Science Smart: Cool Projects for Exploring the Marvels of the Planet Earth
By Terry Krautwurst, Gwen Diehn, Bobbe Needham
Published by Main Street (2004)
Ages 9–12

Sally (ages 9 to 12)
Art Fraud Detective: Spot the Difference, Solve the Crime!
By Anna Nilsen
Published by Kingfisher (2000)
Ages 9–12

Looking at Pictures
By Joy Richardson
Published by Harry N. Abrams (1997)
Ages 9–12

What’s Happening? A Book of Explanations
By Patricia Relf and Francis H. Schwartz
Published by Mondo Publishing (2001)
Ages 9–12

Fandex Family Field Guide: First Ladies
By Carolyn Vaughan
Published by Workman Publishing (2003)
Ages 9–12


  • web search
  • itinerary
  • reading
  • purchase journals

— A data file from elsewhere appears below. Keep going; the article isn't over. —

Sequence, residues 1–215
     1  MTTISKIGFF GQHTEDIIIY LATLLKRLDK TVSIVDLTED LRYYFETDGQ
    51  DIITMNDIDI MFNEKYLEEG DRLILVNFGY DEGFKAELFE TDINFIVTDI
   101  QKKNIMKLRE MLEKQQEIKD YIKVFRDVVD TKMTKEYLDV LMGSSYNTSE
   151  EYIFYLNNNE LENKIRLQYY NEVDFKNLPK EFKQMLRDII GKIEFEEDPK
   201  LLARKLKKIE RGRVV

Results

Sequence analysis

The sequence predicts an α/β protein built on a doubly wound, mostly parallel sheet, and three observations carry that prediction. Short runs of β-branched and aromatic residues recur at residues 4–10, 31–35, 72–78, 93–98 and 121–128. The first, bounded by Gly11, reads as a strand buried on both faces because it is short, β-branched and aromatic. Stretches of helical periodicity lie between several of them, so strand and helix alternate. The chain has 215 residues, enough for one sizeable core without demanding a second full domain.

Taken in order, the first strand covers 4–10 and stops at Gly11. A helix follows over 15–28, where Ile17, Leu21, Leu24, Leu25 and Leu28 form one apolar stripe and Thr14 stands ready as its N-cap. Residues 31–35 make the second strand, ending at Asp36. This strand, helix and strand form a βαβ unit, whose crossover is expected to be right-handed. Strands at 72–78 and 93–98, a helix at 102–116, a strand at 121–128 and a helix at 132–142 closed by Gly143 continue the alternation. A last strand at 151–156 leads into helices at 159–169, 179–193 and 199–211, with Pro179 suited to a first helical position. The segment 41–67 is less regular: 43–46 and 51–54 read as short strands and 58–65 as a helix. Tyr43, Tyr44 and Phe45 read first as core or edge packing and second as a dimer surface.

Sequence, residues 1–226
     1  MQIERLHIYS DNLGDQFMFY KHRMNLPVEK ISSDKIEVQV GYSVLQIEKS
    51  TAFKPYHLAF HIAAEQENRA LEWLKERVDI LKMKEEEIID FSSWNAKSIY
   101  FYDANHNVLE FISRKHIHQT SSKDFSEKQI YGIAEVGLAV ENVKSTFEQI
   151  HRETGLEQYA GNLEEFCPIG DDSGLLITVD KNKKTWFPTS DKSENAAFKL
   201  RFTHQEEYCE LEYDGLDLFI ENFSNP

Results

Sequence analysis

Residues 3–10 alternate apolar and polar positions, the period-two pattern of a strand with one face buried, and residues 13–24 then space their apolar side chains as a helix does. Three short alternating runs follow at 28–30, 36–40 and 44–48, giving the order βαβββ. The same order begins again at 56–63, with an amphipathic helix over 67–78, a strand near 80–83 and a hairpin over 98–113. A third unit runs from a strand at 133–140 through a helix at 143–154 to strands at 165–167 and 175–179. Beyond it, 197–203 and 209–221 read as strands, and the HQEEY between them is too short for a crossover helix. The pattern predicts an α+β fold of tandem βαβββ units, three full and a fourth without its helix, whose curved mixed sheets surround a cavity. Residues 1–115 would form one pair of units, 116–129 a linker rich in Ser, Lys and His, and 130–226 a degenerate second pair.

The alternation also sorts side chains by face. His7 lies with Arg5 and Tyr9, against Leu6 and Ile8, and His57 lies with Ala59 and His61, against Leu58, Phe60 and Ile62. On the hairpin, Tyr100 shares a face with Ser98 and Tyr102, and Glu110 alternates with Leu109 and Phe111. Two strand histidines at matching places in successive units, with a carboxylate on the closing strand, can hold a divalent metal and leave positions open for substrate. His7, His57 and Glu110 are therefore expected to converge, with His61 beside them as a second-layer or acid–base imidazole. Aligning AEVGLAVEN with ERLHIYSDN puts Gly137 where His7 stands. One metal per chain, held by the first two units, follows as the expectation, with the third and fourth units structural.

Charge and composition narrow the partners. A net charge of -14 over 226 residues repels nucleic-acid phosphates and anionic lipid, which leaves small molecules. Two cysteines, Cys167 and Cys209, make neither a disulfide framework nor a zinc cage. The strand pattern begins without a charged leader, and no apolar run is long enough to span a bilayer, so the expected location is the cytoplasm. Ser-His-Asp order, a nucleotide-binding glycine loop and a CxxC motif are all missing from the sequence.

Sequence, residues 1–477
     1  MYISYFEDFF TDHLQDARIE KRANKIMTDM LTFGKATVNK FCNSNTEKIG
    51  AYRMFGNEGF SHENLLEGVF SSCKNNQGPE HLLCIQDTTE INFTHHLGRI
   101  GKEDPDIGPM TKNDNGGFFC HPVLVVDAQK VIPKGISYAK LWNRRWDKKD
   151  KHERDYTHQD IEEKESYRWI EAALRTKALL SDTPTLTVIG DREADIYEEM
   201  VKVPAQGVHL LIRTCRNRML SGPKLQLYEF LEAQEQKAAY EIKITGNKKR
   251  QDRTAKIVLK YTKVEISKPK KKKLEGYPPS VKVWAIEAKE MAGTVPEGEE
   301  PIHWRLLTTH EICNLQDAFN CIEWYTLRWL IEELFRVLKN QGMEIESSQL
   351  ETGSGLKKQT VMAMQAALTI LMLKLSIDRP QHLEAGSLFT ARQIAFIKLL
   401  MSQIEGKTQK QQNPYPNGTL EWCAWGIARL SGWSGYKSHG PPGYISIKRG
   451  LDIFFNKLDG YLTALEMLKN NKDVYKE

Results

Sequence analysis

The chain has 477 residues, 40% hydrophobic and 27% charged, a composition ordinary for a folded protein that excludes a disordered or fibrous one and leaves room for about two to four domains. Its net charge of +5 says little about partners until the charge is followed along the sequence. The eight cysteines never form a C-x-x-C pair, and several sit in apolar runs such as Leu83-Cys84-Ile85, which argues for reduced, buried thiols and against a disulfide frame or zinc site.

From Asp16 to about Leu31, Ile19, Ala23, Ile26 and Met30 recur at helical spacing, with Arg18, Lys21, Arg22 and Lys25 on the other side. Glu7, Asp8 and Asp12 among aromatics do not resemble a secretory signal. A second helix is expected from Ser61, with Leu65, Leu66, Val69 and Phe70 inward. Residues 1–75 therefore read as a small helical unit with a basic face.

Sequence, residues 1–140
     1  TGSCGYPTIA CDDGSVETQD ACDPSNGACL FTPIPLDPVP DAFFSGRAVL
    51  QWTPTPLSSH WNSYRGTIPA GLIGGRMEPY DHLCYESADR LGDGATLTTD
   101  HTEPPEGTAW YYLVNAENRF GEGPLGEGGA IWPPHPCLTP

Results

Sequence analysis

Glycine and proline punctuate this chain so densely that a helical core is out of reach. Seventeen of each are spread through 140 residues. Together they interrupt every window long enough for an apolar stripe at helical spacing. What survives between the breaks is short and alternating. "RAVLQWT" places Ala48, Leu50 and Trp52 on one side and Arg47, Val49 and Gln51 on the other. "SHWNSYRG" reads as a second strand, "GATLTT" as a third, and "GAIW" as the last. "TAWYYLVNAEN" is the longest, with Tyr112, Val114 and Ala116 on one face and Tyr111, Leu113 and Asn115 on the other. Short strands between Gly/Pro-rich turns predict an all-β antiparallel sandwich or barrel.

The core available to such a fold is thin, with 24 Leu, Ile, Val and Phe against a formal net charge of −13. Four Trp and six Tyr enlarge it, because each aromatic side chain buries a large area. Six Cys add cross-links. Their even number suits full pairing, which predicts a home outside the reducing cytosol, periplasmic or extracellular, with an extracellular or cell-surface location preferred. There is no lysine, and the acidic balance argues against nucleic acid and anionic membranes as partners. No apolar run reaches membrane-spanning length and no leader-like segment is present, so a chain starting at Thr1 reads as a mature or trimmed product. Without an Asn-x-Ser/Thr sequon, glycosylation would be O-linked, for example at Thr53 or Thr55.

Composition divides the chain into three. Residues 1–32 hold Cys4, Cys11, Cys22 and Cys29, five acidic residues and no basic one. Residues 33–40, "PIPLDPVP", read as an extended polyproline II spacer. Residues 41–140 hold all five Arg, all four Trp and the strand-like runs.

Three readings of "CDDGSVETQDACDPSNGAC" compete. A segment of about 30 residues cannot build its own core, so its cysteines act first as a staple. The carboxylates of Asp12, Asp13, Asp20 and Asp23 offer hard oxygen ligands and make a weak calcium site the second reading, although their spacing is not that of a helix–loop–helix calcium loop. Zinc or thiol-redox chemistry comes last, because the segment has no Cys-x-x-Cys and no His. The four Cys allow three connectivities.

• purchase glue sticks, special colorful pens and pencils, safety scissors

More ideas:

  • Give each child things to find by making cards you can carry in your pocket and hand to them in the museum.  Use words (“find 5 red or round or metal things”) or illustrate with downloaded images from the museum’s website. Some of the things will be objects on display (from bugs and rocks to tools and airplanes); others might be details in an artwork.
  • Purchase a disposable camera for each child and let them practice using it at home, trying both outdoor and indoor locations. 
  • Write for maps or download them from museum websites. Have children figure out where you will be and the routes you’ll take.
  • Start journal writing by listing the things you want to see and any questions you want to answer.
  • Make a special activity bag to carry all of the art supplies.